Society, Culture and Opera in Florence, 1814-1830: Dilettantes in an 'earthly Paradise'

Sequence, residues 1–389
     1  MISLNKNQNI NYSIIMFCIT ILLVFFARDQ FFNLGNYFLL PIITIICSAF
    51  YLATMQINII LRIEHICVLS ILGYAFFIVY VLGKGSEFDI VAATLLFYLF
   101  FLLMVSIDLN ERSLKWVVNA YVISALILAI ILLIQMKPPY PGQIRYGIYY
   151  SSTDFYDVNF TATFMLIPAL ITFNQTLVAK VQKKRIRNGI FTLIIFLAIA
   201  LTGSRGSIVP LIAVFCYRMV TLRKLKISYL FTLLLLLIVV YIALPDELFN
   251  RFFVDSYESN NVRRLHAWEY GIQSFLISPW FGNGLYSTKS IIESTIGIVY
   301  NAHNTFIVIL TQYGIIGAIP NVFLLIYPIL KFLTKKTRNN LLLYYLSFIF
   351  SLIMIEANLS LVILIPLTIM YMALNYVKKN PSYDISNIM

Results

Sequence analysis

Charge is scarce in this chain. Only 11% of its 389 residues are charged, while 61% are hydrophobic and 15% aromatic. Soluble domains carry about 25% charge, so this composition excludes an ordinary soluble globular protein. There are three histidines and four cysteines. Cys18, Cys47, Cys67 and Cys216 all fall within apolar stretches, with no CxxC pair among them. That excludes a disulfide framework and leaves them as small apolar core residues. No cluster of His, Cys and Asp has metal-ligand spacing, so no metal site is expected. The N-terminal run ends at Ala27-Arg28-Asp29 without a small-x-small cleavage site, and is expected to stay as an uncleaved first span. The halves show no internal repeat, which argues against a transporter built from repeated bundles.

Following the defeat of Napoleon in 1814, an event that signalled an end to nearly 14 years of French domination, Florence seemed to enter a new cultural 'golden age' and by 1824 was described as 'an Earthly Paradise' by the political and liberal writer, Pietro Giordano. Politically, economically and culturally, the city prospered in this new era. After 1814 it seemed as if the Enlightenment had found a new beginning in Florence. Aubrey Garlington, a scholar of long standing in the music of early nineteenth-century Florence, considers the roles played by John Fane, Lord Burghersh, an English aristocrat, diplomat and dilettante composer together with his wife, Priscilla, in the development of the richly homogeneous culture that blossomed in Florence at this time. Burghersh, known today for being instrumental in the founding of the English Royal Academy of Music, composed six operas that were performed privately on numerous occasions at the English Embassy.
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